Front page | perl.perl5.porters |
Postings from March 2021
Re: on changing perl's behavior
From: Dan Book
March 27, 2021 21:51
Re: on changing perl's behavior
Message ID: CABMkAVWEYvgA3jbG=qZ3XzWpsJ4PYGXRieg7DhgMpuijiLEBJA@mail.gmail.com
On Sat, Mar 27, 2021 at 5:31 PM Dan Book <firstname.lastname@example.org> wrote:
> On Sat, Mar 27, 2021 at 4:49 PM Ricardo Signes <email@example.com>
>> $* is a nice example because it's connected to so many changes, but it's
>> not the only place we've changed defaults, either to deprecate things, to
>> remove deprecated things, or to just change behavior. (For example, the
>> meaning of "scalar %hash" changed between v5.24 and v5.26.) Some of these
>> changes change runtime behavior of the code, some change the legal syntax
>> of Perl. The "only perl can parse Perl" rule will apply to these in
>> different amounts.
> They are nice examples for specific instances, but they each have their
> own unique circumstances and aren't great for informing a "general case" of
> any sort.
> $* was used by almost nobody while it existed, for its part.
> scalar %hash was already a weird return value, so even code that used it
> rarely cared what it actually contained.
> The current feature bundle contains: bitwise, current_sub, evalbytes, fc,
>> indirect, postderef_qq, say, state, switch (good grief), unicode_eval, and
>> unicode_strings. I think some of these are things that should become
>> default parts of the language. It's helpful to people who write code to a
>> recent version of perl only. It makes it possible to eventually make the
>> feature always-on.
> We can split the features into roughly two categories: features that
> change the meaning of existing constructs, and features that add new
> keywords (which could clash with custom subs or keywords).
> Changing behavior:
> *bitwise: splits "smart" bitwise operators into two sets, potential to
> break any code using these operators, difficult to determine if it has been
> *indirect: we'd want to remove this, it's already default; but doing so
> would break a lot of existing code and the nature of the parser change
> makes it difficult to warn nicely about
> *unicode_eval: changes the behavior of string eval to make it more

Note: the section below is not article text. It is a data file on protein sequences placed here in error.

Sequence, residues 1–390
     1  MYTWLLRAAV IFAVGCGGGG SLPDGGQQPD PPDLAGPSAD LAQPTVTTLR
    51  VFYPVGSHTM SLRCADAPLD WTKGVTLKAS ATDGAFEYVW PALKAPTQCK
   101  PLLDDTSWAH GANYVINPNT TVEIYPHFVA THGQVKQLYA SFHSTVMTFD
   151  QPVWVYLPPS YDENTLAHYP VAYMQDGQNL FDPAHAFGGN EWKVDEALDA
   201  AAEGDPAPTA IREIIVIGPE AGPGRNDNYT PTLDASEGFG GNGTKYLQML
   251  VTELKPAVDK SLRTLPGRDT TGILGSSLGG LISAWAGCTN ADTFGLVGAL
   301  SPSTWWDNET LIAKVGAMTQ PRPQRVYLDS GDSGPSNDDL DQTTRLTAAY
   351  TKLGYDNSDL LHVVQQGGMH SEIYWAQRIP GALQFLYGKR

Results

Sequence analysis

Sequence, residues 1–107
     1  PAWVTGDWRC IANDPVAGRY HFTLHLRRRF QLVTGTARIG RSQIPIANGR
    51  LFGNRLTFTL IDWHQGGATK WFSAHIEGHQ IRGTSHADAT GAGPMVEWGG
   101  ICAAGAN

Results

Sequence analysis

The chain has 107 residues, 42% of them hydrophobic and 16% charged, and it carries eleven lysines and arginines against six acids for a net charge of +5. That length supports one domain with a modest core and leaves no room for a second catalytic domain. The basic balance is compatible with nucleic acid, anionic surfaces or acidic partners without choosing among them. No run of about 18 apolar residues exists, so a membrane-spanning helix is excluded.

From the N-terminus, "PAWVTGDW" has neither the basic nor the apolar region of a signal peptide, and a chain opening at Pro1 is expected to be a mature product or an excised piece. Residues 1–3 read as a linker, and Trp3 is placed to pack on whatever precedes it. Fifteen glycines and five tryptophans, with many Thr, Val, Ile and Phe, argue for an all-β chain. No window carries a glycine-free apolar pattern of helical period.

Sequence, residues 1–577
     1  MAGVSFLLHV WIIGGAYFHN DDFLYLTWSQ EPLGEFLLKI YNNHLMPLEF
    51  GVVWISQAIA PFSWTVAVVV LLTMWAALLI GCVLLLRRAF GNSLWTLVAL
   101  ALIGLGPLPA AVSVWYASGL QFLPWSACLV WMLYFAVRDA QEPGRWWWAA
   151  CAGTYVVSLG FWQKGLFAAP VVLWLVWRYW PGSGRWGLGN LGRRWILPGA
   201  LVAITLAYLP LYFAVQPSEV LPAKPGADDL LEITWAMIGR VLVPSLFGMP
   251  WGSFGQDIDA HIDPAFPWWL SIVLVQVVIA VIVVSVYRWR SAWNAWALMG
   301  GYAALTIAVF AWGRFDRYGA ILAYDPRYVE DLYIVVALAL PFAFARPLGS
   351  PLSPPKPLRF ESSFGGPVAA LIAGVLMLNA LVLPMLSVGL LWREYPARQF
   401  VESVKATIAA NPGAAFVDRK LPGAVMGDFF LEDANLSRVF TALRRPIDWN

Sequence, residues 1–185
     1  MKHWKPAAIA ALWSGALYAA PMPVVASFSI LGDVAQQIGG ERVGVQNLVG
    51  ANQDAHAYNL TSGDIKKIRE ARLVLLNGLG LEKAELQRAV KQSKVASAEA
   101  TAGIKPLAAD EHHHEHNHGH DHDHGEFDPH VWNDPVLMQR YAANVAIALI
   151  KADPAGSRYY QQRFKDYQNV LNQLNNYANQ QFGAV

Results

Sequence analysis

> consistent, but existing string evals could be relying on the inconsistent
> *unicode_strings: similar to unicode_eval but much more wide reaching risk
> for a variety of string operations
> *postderef_qq: would break currently valid strings
> In my opinion, none of these are reasonably doable as it stands currently,
> aside from deprecating the behavior that they would change.
> New keywords:
> *current_sub: probably the lowest risk/highest reward of the features, use
> of the token __SUB__ outside of this feature is unlikely, but possible
> *evalbytes: adds the evalbytes keyword, low risk but not commonly used
> *fc: adds the fc keyword, both useful and risky
> *say: useful and very risky
> *state: useful and very risky
And to add to this a few things which are not features but have been
considered for the same honor:
*strict: Breaks working code. I don't see a reasonable path to make this
happen aside from deprecating all non-strict syntax for strict 'subs' and
'vars', but strict 'refs' operates at runtime.
*warnings: Well, warnings are an interesting case. They are already enabled
by default, just only certain ones we decided were worth doing that for. I
suggest reading through https://perldoc.perl.org/perldiag if you aren't
familiar with the organization of Perl warnings. Instead of a blanket "make
all warnings default" maybe we should be considering if some of the ones
that aren't should be moved there.
*utf8: A path for this was outlined by Zefram (
and roughly requires a deprecation period for non-ascii bytes in source
code outside of "use utf8".